The traffic is then to be carried over the Drogheda line as far as Canal Bridge, from which point a branch is to be made to the premises of the London and North Western Company, and also to the extreme end of the North Wall, passing over the authorised line of the Dublin Port and City Company, and taking the ground there over which that company have parliamentary powers and where they commenced their works which were suspended during the commercial monetary crisis of 1866. Approaching the North Wall a junction is also proposed to be made with the Liffey branch of the Midland Great Western Railway, over which and back over the Dublin and Drogheda Company’s line it is proposed to enable the traffic of that line to reach the Central Station.
The Central Station is to be constructed on iron girders which are to span the River Liffey between Carlisle and Essex Bridges. which is to be covered in from bridge to bridge, on which this structure is to be erected. The property between Merchants Quay and Essex Bridge, as well as that on Bachelor’s walk is referenced to be purchased for the purpose of the works .
It went on to explain how the 1 in 40 grade required, along with curves, would mean that the current Irish rolling stock would be incapable of making the terminal, and that the engines required “would be useless for the purpose of hauling the traffic of Ireland passing through Dublin and even for working light local trains for any local passenger traffic which might present itself the expense would be enormous”.
And again later in the year, from The Railway News, April 27 1872:
“A meeting held on Monday last in Dublin, at the office of the solicitors for the promoters of the “Dublin Central Station Railway Bill”, obliges us, though reluctantly, again to call the attention of the Dublin people to the fatuity of supposing that any Central Station Railway would serve Dublin, or if constructed, result in anything but disaster to any shareholder who could be induced to subscribe to it. We thought that the experience of metropolitan railways in other parts of the country, and the observations we deemed it necessary to make on this subject in our publications of 13th January, 3rd February, and 9th March last would have had effect of inducing the promoters of the “Central Station” Bill now pending, the fourth which has been brought before Parliament, to have abandoned the idea, and saved themselves and the few other who may be induced to subscribe to the preliminary expenses for the benefit of the professional promoters.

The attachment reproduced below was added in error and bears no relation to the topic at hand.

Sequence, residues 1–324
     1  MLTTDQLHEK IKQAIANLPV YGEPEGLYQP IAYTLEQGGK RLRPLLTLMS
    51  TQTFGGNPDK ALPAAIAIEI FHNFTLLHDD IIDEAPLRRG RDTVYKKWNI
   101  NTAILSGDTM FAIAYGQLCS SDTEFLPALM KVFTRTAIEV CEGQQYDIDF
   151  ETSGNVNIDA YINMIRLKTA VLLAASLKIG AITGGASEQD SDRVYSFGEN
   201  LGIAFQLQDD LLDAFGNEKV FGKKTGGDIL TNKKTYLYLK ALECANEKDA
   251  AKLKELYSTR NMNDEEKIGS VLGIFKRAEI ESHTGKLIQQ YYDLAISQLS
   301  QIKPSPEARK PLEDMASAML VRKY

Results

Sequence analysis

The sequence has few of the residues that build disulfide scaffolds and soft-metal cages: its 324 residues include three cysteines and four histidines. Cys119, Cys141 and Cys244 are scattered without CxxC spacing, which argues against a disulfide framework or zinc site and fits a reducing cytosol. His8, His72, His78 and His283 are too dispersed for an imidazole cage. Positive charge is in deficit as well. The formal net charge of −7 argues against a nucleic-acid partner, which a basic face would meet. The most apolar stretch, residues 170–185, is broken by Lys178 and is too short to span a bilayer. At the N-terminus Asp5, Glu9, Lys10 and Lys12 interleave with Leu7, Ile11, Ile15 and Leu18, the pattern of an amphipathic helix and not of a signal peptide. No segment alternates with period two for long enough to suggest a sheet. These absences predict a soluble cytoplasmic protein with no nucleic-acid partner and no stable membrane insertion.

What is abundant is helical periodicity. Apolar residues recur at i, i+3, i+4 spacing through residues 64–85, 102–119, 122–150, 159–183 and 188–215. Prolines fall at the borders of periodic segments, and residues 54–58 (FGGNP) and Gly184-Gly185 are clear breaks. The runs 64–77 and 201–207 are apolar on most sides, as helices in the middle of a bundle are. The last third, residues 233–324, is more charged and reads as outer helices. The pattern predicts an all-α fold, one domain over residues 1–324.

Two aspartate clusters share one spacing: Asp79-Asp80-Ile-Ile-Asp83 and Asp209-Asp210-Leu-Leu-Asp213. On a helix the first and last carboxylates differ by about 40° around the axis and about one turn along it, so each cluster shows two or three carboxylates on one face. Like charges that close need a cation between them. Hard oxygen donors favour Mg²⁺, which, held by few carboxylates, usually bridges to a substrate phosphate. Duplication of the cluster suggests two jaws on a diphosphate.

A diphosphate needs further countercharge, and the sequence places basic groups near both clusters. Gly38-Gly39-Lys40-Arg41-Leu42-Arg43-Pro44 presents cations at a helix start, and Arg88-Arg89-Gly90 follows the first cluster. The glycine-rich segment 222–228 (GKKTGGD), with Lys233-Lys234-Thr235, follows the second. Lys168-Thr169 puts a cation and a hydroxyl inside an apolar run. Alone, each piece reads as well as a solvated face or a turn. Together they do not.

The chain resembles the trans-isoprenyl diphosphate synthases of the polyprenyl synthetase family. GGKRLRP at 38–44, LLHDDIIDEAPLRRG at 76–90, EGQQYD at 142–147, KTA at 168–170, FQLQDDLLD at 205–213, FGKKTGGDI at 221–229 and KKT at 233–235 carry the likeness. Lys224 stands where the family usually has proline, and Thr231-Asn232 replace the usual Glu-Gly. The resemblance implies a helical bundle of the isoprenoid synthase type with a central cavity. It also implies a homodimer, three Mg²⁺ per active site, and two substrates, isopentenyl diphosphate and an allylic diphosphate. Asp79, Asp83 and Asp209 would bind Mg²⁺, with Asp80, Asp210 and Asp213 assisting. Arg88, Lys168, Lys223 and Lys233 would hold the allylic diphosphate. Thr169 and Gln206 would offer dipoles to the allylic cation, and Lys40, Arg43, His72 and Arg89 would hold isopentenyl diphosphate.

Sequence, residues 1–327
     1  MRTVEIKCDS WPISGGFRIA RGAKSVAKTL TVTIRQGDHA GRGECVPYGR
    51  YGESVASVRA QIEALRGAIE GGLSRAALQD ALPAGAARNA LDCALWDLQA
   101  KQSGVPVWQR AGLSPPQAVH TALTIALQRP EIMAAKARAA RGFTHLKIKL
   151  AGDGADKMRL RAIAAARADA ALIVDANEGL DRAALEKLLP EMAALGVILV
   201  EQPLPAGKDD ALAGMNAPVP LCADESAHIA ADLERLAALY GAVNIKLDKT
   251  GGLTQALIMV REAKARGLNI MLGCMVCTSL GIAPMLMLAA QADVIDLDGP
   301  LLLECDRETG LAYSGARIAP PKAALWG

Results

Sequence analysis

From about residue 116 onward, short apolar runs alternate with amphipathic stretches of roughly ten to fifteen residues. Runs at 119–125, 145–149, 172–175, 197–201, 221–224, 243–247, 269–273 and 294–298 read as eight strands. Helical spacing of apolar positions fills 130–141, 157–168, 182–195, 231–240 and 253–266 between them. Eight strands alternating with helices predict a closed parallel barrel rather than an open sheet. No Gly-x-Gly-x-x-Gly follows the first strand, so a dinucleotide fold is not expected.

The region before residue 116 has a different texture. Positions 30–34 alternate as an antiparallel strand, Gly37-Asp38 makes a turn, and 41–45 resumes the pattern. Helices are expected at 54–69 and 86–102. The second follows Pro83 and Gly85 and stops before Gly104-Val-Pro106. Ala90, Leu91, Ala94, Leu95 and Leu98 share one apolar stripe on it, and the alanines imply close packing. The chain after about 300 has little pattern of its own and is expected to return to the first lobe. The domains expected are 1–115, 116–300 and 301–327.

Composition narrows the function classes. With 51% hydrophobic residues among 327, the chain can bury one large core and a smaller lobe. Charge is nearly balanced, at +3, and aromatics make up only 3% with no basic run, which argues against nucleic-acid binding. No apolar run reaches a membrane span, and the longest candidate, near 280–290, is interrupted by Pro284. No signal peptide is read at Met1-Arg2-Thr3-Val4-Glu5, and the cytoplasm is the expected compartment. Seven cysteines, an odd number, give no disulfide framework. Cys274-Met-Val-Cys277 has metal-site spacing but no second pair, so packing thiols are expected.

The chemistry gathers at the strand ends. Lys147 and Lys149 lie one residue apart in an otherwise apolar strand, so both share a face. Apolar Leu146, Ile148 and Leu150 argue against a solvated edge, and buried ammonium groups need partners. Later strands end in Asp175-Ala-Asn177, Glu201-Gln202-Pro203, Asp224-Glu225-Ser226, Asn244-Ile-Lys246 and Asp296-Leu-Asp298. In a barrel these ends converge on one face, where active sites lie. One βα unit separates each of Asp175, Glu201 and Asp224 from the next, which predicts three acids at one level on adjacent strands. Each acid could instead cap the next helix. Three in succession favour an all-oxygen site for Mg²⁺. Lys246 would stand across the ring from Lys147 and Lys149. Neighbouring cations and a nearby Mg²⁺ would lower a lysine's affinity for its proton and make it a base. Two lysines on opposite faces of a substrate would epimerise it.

We have the file of the Dublin papers of Tuesday now before us, reporting at much length the explanatory statement of Mr Frederick Barry CE (he, Mr Tumbull a Parliamentary agent, and Mr John W Kelly, a most respectable railway contractor being described in the bill as directors or promoters). which appears to us to show quite sufficient reasons, when closely analysed, why a central station and especially such a one as that proposed by the bill would be a nuisance instead of an advantage to Dublin City, apart from the folly of the enterprise in a commercial aspect. We feel it incumbent upon us again to warn our readers and subscribers from being misled, and as we cannot afford space to state our objections in detail, we refer them to the previous articles which we have written on the subject.
It cannot be denied that a “central station” in Dublin, as in other cities, would be a great “personal” convenience and a “trading advantage” to many persons residing or carrying on their business in its immediate vicinity, but it is not their interest which Parliament will have to consider, whose duty will be to protect that of the public and unreflecting investors, who might be induced to lose their money upon the assumption that if Parliament pass the bill the undertaking must be a safe investment, and one necessary for public requirements.